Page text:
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Grades 2–3
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Grades 2–3

Advanced Modules

Teachers who are comfortable with the classroom economy may want to include some of these additional modules to enhance the learning experience for their students. These are not recommended for teachers implementing the program for the first time. Be certain your students understand the underlying curriculum components before adding these modules.

Increased recordkeeping

You may wish to increase the amount of paperwork students handle. For example, students can sign a rental agreement on Opening Day and a job offer letter on Job Assignment and Training Day. Or they can fill in a rent log on each Rent Day and bank slips for every withdrawal and deposit. With such activities, the students take on more responsibilities and learn to pay closer attention to details. The records can also be used as teaching points during the Year-End Wrap-Up and throughout the program. Such features can be adapted from our 4th and 5th grade program.

Real estate investments

Taking property ownership a step further, allow students to purchase the deeds to other students' desks. In this situation, a student whose desk is purchased now pays the rent to a landlord instead of the bank. We recommend you insist the rent remain at the bank's original price so that students can't force students out of their desks by driving up the rent too high!


Students are required to pay a flat rate for income taxes around April 15. You can also give students tax deductions for charitable contributions—either by donating classroom dollars or by donating time to actual community service events.


Following a break in the school year (examples: winter or spring break), raise the prices of students' desks based on inflation. You can also raise their salaries, but we suggest you raise the price of the desks more than any salary increase to stress the importance of saving and outpacing inflation. For example, you can raise desk rental fees by $10 and all salaries by $5.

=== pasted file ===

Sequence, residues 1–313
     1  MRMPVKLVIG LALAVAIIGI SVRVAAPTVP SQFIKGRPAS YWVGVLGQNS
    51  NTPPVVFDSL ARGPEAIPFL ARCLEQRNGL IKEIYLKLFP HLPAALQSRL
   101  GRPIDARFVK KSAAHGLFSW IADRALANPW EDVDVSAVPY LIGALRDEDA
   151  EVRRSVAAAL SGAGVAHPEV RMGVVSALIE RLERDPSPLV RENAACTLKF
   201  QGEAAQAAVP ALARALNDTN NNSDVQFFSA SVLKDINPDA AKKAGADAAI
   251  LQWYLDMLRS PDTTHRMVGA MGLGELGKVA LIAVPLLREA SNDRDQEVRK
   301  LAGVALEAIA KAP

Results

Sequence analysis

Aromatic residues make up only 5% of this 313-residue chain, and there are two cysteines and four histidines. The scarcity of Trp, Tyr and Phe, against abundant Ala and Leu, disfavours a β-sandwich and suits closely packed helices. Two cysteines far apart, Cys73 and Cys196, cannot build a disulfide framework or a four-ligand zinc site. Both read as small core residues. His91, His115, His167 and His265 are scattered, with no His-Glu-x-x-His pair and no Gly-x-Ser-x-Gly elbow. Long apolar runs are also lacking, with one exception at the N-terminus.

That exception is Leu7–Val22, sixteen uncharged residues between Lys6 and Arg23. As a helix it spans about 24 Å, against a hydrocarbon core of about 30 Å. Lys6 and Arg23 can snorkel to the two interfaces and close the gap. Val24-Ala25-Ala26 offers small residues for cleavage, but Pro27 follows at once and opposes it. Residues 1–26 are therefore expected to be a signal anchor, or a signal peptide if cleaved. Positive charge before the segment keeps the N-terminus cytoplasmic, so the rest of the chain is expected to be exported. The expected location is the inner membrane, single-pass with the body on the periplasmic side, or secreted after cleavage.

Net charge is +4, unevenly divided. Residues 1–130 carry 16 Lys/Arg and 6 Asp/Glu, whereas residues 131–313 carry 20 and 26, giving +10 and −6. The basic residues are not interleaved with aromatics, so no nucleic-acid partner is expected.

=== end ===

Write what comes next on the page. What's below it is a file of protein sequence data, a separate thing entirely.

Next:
Student auctions

Allow students to bring their own items to be sold at the auctions. Require the students to pay a small fee, such as $5 or $10, for the privilege of selling one of their items. This helps students to understand vendor fees, which are common for internet commerce sites such as PayPal, eBay, and StubHub.

Disaster relief

Require students to pay a fixed amount ($10 for example) for disaster relief. This can be especially effective if you are studying disasters in science or social studies. For example, if you are studying hurricanes in science class, you can pretend there is a hurricane in your classroom and everyone must pay to fix the damage.

Emergency funds

Help students prepare for their future by establishing an emergency fund. Assist the students in determining their monthly expenses, and then encourage them to build a nest egg that is greater than or equal to that amount. The overall purpose of this module is to teach students the importance of saving in a liquid investment such as a bank savings account, so they are prepared for unexpected situations that can occur in life. By building an emergency fund, students will be prepared to pay their bills, even if they do not receive bonus money or if they lose their job. Keep in mind, anytime students use their emergency fund, they will have to devise a plan to replenish it.


Require your students or offer them the option to buy renter's insurance on their desks. With the insurance, the students are given special benefits. Some of these may include:

  • Being able to participate in the auction if they cannot pay the entire rent amount
  • Avoiding messy desk fines.


Allow students to accrue interest by purchasing certificates of deposit (CDs). We suggest paying $10 in interest for every $100 the student holds in a CD.

Insurance simulator:

What's the damage?


Insurance costs:

One-time yearly payment of: $1,200
or monthly payments of: $200

Insurance simulator:

What's the damage?


Insurance costs:

One-time yearly payment of: $1,200
or monthly payments of: $200